Even if I disagree with their decisions, I want to know that the human part of that equation wasn’t taken lightly or steeped in a fundamentally negative bias.

Someone of the character to care about human beings as a single unit will take that perspective into consideration with each choice and conflict they face. That’s far more important to me than trying to weigh promises candidates aren’t even obligated to keep.

Once we the people were on the table and the question of how laws and efforts would affect us required its due, I felt that Trump would lead with a self-serving prejudice and frame his decisions within the confines of that prejudice, creating a very narrow path for this country to walk. I felt he would lack the care and finesse of a thoughtful leader in favor of being impetuous.

Moreover, I felt he would act in accordance with the worst parts of his nature – the parts that many Americans shared quietly, yet emboldened in him – though without the characteristics of leadership required to temper it.

Long story short, I didn’t trust Trump as a person, so I damn sure didn’t vote for him as a president.

It’s that simple.

I know many boiled the election down to voting for an asshole who was at least honest about it versus voting for a liar, but I’m of the mindset that all leaders lie, whether to protect the people or themselves. So I can vote for a liar if need be because I suffer no delusion that an honest person has ever taken office or left it.

But I can’t vote for someone I want to slap every time he opens his mouth on principle because he acts against the good of the people in favor of the good of himself and his class.

At any rate, the fact remains that some people did vote for Trump, and I don’t hate them for it. Yes, some of them are dicks and used Trump’s campaign as a platform for their ignorance, but I think most of them were regular people who felt they were voting for change.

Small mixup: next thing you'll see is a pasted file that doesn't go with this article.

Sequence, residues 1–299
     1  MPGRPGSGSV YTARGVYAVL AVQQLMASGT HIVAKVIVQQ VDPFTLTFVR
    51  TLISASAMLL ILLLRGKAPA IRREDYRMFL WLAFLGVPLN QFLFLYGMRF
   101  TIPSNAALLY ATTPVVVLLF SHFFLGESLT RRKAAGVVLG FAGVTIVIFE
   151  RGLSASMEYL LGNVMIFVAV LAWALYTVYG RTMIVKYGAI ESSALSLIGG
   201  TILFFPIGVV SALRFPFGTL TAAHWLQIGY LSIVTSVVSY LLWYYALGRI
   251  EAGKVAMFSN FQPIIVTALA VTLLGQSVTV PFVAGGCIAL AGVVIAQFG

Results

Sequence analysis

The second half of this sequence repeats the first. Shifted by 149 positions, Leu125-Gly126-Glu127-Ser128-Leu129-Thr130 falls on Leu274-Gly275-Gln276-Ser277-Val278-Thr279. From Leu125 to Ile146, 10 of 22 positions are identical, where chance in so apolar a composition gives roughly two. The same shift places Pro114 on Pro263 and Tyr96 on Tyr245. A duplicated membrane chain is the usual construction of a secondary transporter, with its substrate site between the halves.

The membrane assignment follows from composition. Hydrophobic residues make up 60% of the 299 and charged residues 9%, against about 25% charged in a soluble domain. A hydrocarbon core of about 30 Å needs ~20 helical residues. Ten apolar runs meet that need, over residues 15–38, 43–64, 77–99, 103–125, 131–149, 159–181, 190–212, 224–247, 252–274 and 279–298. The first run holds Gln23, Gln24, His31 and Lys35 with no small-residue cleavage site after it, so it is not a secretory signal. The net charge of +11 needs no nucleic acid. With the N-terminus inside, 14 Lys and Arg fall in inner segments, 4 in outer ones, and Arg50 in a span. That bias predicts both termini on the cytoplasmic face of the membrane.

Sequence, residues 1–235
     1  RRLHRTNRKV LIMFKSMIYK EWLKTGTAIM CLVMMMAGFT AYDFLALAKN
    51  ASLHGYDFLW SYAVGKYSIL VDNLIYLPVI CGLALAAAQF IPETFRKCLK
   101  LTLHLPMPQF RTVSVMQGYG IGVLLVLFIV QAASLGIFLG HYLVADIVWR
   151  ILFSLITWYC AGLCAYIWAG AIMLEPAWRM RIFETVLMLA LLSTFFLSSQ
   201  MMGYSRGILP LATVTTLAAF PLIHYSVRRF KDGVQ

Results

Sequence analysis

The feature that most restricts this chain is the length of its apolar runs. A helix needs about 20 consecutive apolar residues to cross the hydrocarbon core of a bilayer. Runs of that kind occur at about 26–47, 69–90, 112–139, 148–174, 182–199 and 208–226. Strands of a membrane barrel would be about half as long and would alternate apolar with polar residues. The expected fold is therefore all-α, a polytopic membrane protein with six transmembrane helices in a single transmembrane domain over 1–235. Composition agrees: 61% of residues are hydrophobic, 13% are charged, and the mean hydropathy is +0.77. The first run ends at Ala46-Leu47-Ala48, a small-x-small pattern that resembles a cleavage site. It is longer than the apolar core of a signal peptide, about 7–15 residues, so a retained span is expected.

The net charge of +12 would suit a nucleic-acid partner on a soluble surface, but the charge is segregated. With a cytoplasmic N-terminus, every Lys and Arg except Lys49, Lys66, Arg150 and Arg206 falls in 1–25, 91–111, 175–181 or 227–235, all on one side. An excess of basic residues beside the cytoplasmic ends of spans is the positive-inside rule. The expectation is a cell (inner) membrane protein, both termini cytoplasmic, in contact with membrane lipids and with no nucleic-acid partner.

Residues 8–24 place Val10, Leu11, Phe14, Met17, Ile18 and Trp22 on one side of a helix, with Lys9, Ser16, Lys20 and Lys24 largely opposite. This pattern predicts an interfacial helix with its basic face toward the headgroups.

Just like those who voted for Obama.

I don’t care what anyone says. People didn’t vote for Obama because he was (half) black. Not directly. They voted for him because he was something other than what they had, and in that, they saw the potential for things to be different.

Change is a powerful temptress – one that many Americans felt compelled to court. Unfortunately, I think the change Trump supporters were hoping for may come at a price they hadn’t considered. Everything happening now is merely a glimpse at the fox they put in the hen house. There will be more.

But maybe that’s exactly what we needed. Seeing so many of his supporters recant, this may be their wake-up call, just as Trump’s win was a wake-up call for the naive who thought it could never have happened.

Maybe as things decline further and Trump voters become increasingly disillusioned, their regret for having played a part in putting him in office will prompt them to revisit their priorities.

Maybe they’ll reexamine themselves to figure out why on Earth they thought voting for someone generally presumed to be a greedy, racist, sexist, homophobic narcissist who cares only about the rich and powerful would make our country better.

And maybe their desire to make up for the vote they cast will encourage them to come together with fellow Americans in a way they haven’t before, working harder to undo what was done as a nation. To that end, looking back, on November 9th, I tweeted this:

Don’t let the outcome of this election be your defining moment. Accomplish as human beings what we may have failed to accomplish as voters.

And that’s where my opinion rests.